If a team member needs to have one-to-one conversations over the radio, then you can use a “direct-wire” setup. In this situation, you connect the radio directly to the headset with a Sonetics Portable Radio Adapter. Apex 3-Series wireless headsets are compatible with more than 400 two-way radio models.

If you want the whole team to be able to use the two-way radio, then your best option is to connect the two-way radio to the ComHub. This type of connection is also commonly used with vehicle-based radios. In this ComHub-connected setup, anyone on the team can engage the two-way radio and its remote user by pressing their headset’s PTT button.

One caveat and one cool feature

The caveat first: Because the two-way radio is only half-duplex, only one team member can engage the two-way radio at a time. The cool feature: If a team member moves beyond the range of the DECT7 connection, he or she can still engage the two-way radio in a direct-wire setup so long as they remain within the two-way’s operational range.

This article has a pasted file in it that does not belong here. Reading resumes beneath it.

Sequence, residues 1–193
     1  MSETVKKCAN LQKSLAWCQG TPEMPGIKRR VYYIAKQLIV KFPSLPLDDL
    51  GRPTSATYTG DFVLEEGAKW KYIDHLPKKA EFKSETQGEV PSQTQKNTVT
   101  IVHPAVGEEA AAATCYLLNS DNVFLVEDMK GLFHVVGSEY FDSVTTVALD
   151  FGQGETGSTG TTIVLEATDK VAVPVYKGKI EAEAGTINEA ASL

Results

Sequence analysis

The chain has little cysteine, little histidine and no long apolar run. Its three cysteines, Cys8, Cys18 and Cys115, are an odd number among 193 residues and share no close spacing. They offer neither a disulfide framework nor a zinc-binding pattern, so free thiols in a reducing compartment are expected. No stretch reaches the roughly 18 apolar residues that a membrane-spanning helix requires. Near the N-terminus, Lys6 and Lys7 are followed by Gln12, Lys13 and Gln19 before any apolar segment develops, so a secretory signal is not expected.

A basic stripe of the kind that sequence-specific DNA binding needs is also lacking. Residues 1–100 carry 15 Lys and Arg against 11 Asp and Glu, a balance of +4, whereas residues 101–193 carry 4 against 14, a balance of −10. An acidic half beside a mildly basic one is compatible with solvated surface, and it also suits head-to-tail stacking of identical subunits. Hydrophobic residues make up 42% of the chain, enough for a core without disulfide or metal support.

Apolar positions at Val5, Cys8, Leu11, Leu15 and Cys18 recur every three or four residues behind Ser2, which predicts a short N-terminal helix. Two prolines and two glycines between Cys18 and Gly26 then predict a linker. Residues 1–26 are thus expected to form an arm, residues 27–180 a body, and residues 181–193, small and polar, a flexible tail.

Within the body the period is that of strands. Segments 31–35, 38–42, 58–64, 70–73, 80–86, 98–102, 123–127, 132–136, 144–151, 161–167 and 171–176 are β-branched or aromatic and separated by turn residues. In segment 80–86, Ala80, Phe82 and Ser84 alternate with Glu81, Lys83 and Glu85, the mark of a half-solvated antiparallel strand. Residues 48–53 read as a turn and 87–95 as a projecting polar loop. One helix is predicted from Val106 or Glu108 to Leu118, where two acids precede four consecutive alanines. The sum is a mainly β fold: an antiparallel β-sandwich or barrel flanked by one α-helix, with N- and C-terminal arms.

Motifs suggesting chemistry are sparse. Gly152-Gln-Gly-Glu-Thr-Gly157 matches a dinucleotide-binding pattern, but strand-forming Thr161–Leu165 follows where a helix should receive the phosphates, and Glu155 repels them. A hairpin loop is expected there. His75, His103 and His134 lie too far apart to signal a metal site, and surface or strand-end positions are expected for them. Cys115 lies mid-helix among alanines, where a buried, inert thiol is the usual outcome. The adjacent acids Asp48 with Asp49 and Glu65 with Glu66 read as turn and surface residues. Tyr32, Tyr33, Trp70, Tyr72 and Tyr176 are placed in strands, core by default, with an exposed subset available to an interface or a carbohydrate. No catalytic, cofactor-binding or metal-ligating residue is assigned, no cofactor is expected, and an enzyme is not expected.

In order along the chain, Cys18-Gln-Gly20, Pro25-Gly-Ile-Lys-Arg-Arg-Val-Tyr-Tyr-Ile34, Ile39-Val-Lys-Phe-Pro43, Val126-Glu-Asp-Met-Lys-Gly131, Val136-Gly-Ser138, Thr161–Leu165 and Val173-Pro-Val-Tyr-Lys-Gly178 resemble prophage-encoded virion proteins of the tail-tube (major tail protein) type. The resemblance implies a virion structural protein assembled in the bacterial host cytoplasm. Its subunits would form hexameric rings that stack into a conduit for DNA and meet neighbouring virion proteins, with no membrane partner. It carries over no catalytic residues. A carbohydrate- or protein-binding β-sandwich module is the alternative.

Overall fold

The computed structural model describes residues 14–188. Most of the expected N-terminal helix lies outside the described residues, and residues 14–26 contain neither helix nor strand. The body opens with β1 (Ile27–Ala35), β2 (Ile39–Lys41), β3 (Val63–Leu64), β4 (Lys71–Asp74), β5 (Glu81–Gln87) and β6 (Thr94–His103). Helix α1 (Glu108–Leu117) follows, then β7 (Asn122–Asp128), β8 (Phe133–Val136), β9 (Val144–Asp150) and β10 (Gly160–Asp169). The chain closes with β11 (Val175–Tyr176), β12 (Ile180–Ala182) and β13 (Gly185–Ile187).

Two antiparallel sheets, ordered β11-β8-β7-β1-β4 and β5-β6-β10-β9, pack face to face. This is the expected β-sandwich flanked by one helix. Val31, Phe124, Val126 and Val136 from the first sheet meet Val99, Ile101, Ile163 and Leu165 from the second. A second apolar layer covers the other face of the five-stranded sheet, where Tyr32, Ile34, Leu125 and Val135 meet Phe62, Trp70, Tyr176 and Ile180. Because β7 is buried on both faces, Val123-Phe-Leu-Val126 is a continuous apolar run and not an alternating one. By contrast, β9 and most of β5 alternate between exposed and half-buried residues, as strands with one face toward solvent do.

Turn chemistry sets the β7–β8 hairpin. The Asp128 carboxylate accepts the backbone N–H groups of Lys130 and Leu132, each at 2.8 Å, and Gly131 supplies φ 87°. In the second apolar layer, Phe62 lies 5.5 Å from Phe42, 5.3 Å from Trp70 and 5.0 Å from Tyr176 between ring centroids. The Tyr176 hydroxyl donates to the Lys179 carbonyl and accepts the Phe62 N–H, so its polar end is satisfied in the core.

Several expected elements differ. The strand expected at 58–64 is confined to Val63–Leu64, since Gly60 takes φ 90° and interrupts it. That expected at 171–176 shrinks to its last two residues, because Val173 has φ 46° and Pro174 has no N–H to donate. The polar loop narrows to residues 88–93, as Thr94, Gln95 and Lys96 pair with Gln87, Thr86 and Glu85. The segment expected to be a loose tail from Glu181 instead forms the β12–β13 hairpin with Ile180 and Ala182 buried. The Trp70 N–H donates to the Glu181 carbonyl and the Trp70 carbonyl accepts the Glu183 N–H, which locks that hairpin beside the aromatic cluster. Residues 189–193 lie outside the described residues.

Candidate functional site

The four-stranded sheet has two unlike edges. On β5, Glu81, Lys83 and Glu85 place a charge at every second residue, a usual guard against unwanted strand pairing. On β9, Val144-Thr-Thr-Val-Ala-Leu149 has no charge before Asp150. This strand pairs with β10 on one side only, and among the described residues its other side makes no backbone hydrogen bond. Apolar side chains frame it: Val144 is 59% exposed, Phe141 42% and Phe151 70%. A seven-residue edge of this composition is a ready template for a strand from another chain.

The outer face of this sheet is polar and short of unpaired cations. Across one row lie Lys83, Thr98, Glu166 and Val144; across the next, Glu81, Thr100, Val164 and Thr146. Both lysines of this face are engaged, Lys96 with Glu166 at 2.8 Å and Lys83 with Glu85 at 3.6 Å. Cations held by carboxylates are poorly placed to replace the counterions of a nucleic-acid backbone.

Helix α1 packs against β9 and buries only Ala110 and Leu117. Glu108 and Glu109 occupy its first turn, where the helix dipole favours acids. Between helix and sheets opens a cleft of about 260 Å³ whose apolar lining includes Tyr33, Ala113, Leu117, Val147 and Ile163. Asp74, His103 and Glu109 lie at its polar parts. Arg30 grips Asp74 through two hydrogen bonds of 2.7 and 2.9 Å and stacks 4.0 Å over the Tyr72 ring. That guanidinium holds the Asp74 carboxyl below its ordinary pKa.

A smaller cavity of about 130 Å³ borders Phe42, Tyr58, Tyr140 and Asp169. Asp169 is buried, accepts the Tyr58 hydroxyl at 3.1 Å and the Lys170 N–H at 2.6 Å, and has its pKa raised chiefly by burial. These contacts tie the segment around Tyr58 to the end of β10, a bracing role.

How it works: Bluetooth connection

Bluetooth pairing is easy; answer and end calls with a single press. Smartphones continue to grow in popularity in work zones, especially as coverage has improved in recent years. Although cellular devices provide another means of communication, they can also present a few problems:

  • When service is out, a smartphone becomes a brick as a communication tool, which is why DECT7 is so reliable for local team activities that tend to be more urgent and require real-time feedback and reactions.